She beamed up at him. "I would love that," she answered sincerely.
They walked over to a bench overlooking the water and sat down with their arms around each other. "Sometimes I miss Little Hangleton so much," Tom murmured, his cheek resting on her hair. "I think every man needs a home, Merope. Something he can return to, something that will be waiting for him."
Merope leaned against him, listening.
"I used to hate that place so much," he continued. "My parents bickering endlessly. Rules and regulations and strict mealtimes. Parties where I knew and cared for no one. I used to ride out in the fields beyond the village, dreaming that I would escape someday, and now that I have..." He trailed off.
"Tom," she said in a soft voice, "if you want to go back there, we can."
He was silent for a few moments. "No," he finally responded. "No. There's no reason for us to go back there so that everyone may judge us..."
Merope shook her head and turned to look into his eyes. "It's all right, Tom. If you go, I'll go with you. I don't care what they say and I don't need to see your parents or my father. I can stay with my friend in the village," she added, thinking longingly of Bethe. How wonderful it would be to see her again!
"You're sweet," he whispered, kissing her. "But no, Merope. We'll go to our own home. Why should I feel lonely when I have you?" He hugged her close. "I just - just wondered how my parents were, that's all. But I can write to them and tell them that I'm safe and happy. And I wish I could have Apollo sent to me ... I miss that old horse of mine. And - and I miss my friends ... and even Cecilia..." The Tom Riddle that the world knew - the bold, confident, brash young man who thought he owned the world - sat there with tears in his eyes, his heart aching for the people and the home he had left behind.
Merope cradled his face in her hands, tears filling her own eyes at how sad and lost he looked. "Oh Tom, why didn't you ever tell me how homesick you were?" she cried. "We'll go back, we must go back..."
He laughed and wiped his eyes. "I'm sorry. I guess it came upon me all of a sudden. Forgive me for that, and forgive me for mentioning Cecilia - she can't be a great favorite with you..."
"Did you love her very much, Tom?" she whispered.
"I was fond of her," he answered quietly.
They sat together in silence, watching as a few lingering boats float toward the docks. It was a strange, alien feeling, this overwhelming guilt that overcame her. She had known for months that she was taking Tom away from his family, from everything he loved. Save for Bethe, Merope had left nothing behind in Little Hangleton that she regretted; but Tom, Tom had so much to lose and he had lost it all. She wondered if his parents would even take him back, whether they would even allow him inside their house after what had happened. No doubt Mary Riddle was still smarting from the horrible argument they'd had in the autumn; would love for her son override her prejudice for his wife?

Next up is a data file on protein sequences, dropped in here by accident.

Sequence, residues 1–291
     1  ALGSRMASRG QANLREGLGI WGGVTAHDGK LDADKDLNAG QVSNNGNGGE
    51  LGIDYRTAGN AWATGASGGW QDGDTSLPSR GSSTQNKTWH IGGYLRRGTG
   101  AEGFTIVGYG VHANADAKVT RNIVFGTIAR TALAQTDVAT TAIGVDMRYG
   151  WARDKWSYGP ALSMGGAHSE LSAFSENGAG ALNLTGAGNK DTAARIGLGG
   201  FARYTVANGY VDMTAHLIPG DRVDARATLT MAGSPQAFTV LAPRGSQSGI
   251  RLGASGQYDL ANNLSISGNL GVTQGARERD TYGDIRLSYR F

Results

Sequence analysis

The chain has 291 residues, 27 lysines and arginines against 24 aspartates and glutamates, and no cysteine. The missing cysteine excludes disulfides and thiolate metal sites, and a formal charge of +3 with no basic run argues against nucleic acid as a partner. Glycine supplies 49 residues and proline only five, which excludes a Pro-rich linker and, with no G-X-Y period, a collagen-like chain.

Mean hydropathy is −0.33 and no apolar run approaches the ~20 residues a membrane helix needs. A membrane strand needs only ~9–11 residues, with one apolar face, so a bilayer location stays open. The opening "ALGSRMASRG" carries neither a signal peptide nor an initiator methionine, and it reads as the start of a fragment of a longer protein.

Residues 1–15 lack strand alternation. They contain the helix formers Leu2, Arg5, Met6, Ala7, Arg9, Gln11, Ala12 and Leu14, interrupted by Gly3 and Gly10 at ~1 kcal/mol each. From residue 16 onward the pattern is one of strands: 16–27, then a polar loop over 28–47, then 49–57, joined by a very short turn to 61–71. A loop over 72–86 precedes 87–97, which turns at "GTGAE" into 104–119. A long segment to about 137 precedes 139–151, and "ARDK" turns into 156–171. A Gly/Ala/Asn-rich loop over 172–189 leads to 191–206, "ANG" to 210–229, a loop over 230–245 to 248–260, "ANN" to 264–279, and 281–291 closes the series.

"Don't be so sad, love," she begged him, hugging him with all her strength. "We'll go back to Little Hangleton, I promise you. It's on our way home, isn't it? You can see your parents, I swear. Please be happy again."
Tom smiled, but it did not reach his eyes. "Let's go to bed, sweetheart. I feel so tired."
They got up and began walking back towards the hotel. The lobby was almost empty on this quiet night and only a few people were sitting around on the chairs, loitering and waiting for friends. Merope followed her husband, her hand tightly holding his, still feeling terrible about how vulnerable he looked. Neither of them spoke in the lift despite the attendant's obvious desire to chat, and his cheery "Good night" went unanswered as they made their way to their room. Tom got ready for bed without saying a word and climbed in, staring straight at the ceiling. Still in her evening clothes, Merope sat beside him and stroked his hair. "Let's leave the day after tomorrow," she suggested. "I'll have everything packed by then, Gretchen can help me. We'll take the train back to France."
"The paperwork can't possibly be done that fast," Tom responded flatly.
"Have Henry do it," she urged. "He'll take care of it, Tom. All we need are the passports and some tickets..."